79. Here are my favorite albums of the 60s:

    – All albums of Pink Floyd in the 60s

    – The Best of the Doors – The Doors, 1967
    Standout tracks: The Crystal Ship / When the Music’s Over / Riders on the Storm / The End

    – The Sound of Silence – Simon & Garfunkel, 1966
    Standout tracks: I am a Rock / Sound of Silence

    – Days of Future Passed – Moody Blues, 1967
    Standout tracks: Nights in White Satin / The Sun Set, Twilight Time

    – Just For You – Neil Diamond – 1967
    Standout tracks: Girl, You’ll Be a Woman Soon / Solitary Man / I’m a Believer

    It’s easier for me to name my favorite songs than to name my favorite albums. There are so many singles of the 60s that I love; House of the Rising Sun by the Animals; Black is Black by Los Bravos, Sitting On the Dock of the bay by Otis Redding; Suspicious Minds by Elvis, She’s Not there by The Zombies; Yesterday by the Beatles to name a few.

  80. [I studied to become a social worker, but I still can’t find a job, because there is always no money to take on new workers, while most of the (few) places are taken by blind incompetents. – Alessandra]

    It is the way of the world and it is so sad. Those who could make a real difference at times like this are ignored so that the old order can continue to exploit the system for their own gain (large salaries, nice homes, tea and cake at the Ritz).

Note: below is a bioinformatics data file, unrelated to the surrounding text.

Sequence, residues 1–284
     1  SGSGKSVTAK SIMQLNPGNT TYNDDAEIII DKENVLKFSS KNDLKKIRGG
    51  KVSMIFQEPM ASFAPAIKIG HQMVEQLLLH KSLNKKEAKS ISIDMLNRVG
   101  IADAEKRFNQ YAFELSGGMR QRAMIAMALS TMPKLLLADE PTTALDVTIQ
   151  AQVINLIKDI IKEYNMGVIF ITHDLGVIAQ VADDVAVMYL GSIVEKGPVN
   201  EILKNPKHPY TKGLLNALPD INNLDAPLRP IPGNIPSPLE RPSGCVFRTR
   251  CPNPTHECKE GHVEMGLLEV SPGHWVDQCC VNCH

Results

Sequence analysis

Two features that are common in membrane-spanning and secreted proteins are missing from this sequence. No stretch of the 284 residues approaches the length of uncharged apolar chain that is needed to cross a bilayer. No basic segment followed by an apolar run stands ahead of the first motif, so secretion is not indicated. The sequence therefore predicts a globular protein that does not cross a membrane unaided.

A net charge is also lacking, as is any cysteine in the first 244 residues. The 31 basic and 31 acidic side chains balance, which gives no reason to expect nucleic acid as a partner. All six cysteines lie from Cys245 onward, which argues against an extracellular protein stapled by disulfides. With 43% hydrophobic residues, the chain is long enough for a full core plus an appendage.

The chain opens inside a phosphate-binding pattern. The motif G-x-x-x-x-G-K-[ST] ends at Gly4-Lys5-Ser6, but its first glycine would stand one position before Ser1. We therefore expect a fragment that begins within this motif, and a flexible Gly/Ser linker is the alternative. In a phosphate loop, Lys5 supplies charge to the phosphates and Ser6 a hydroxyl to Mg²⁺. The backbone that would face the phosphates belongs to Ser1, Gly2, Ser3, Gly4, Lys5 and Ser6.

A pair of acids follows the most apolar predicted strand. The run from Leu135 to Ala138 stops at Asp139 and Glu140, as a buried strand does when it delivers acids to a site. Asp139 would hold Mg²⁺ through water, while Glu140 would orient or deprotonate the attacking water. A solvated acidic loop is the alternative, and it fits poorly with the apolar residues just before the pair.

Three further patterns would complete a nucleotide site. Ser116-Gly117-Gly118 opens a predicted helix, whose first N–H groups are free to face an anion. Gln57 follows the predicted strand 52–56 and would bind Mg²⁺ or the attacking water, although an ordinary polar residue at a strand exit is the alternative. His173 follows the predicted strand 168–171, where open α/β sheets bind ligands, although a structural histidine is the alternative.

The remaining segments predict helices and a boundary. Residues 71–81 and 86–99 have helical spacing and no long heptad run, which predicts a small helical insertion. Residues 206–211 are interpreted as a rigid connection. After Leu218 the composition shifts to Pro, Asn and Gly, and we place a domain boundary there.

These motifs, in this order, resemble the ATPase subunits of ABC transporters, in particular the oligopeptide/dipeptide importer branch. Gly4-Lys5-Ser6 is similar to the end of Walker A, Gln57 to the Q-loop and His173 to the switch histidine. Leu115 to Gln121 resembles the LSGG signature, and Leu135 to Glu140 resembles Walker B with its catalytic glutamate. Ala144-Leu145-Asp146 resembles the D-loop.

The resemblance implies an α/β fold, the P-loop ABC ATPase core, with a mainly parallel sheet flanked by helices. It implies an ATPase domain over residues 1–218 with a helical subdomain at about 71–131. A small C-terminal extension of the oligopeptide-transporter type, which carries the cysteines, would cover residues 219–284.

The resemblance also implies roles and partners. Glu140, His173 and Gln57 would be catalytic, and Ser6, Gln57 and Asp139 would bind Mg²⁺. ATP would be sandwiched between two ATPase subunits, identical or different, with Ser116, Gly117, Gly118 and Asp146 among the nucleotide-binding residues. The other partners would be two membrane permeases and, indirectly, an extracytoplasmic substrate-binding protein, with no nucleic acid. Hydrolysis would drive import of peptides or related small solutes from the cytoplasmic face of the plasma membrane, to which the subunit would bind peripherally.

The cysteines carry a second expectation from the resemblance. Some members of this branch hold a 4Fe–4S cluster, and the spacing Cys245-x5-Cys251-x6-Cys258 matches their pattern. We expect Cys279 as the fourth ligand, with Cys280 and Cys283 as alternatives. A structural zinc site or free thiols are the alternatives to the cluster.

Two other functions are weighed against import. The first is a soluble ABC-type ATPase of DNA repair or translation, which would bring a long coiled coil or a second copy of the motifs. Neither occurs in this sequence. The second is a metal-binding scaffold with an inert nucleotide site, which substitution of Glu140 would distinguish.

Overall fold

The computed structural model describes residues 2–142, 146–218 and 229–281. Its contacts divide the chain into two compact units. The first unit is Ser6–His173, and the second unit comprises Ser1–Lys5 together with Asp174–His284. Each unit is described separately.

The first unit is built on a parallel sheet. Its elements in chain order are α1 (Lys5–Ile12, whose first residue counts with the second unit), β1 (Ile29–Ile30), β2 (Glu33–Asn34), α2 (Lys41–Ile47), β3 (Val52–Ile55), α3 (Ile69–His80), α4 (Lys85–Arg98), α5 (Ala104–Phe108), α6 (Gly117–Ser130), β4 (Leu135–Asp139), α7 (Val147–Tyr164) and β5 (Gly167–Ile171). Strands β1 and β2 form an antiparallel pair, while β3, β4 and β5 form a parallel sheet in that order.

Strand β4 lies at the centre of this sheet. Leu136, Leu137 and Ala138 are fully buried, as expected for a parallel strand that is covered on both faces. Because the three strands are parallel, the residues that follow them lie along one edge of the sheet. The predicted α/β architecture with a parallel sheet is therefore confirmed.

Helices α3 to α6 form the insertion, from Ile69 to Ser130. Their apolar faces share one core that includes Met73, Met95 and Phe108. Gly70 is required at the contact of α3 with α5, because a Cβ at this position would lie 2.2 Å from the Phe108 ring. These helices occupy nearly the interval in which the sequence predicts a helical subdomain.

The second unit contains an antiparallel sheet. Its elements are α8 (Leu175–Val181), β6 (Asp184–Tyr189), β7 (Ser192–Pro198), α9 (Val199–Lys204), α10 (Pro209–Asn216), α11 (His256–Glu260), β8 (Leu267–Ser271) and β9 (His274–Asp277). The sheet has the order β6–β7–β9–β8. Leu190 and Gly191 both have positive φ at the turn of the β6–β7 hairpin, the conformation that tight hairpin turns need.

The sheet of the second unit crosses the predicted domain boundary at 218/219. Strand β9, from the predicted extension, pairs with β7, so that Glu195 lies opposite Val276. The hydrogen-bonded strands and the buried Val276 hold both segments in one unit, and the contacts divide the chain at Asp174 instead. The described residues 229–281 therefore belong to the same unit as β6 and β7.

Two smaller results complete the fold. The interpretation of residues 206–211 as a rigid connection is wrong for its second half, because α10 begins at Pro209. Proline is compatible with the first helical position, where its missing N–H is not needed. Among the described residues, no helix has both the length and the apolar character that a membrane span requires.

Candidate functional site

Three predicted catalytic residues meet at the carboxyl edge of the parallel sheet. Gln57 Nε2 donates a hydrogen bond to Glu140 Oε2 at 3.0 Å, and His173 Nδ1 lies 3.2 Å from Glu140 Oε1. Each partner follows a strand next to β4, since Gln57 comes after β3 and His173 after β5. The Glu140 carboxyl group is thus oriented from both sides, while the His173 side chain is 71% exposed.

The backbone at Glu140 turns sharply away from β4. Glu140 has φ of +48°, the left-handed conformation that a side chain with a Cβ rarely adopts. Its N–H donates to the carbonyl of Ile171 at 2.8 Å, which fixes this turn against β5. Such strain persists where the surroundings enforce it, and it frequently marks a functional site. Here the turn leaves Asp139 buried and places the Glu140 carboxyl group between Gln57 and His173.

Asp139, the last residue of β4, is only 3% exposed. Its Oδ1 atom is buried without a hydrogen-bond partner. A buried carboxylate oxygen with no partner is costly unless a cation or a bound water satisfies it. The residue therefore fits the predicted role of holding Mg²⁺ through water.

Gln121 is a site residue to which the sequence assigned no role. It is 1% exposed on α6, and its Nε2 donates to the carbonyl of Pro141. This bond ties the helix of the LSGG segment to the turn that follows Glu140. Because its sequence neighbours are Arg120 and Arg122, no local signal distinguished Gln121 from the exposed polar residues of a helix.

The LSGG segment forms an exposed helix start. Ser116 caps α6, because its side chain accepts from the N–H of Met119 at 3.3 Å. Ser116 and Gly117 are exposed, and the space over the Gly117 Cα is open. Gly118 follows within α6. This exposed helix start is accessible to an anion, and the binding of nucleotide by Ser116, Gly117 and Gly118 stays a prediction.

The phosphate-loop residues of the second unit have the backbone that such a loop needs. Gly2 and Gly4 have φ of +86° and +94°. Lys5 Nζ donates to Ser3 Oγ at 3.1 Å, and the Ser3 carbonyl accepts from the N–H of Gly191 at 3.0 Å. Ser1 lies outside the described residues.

This case has made me so angry.

    [It amazes me that a controller at the BBC can be pressurised into resignation over a (pathetic) joke that offended a stripper and an actor who made his name by offending Spaniards, yet the same middle-management buffoons whose dithering and incompetence allowed another child to die in agony at the hands of abusive adults are somehow beyond reproach. Haven’t we got our priorities horribly wrong? How many more dead children have to shame us into arising from our slumber, to quote ‘L’Internationale’, and forcing a change? We don’t need the self-serving, poncing around on £100,000-a-year salaries, preventing those ‘beneath’ them (in status and salary only, that is, certainly not in intelligence or courage) from doing their jobs properly. We need people who genuinely care and aren’t afraid to rattle cages – and we should pay them well, preferably if it means making useless fat cats redundant. That would make a pleasant change, wouldn’t it? – FEd]

  81. […asking DG fans about which half of the 70s is asking Hobson’s choice, or maybe one of those television phone-ins where one of two answers is blatantly and ridiculously wrong (but minus the cheating of course). – nickster]

    That’s unfair. I couldn’t think of many albums before 1965, so the 60s one was one-sided, but the 70s one was a fair question because there were PF albums in both halves.

    [I’m actually asking music fans to express themselves, hoping to be interested by their reaction and, if you’ll excuse my insolence (well, I have had three years of sometimes entirely predictable comments), I also find it reassuring to be reminded that lives don’t revolve entirely around Pink Floyd. There’s a lot of good music out there and someone reading might care for the recommendation. Frankly, I don’t give a stuff if you fail to mention David’s albums or Pink Floyd’s; I’m more interested in the music of others for diversity’s sake – and am sure that others are, too. – FEd]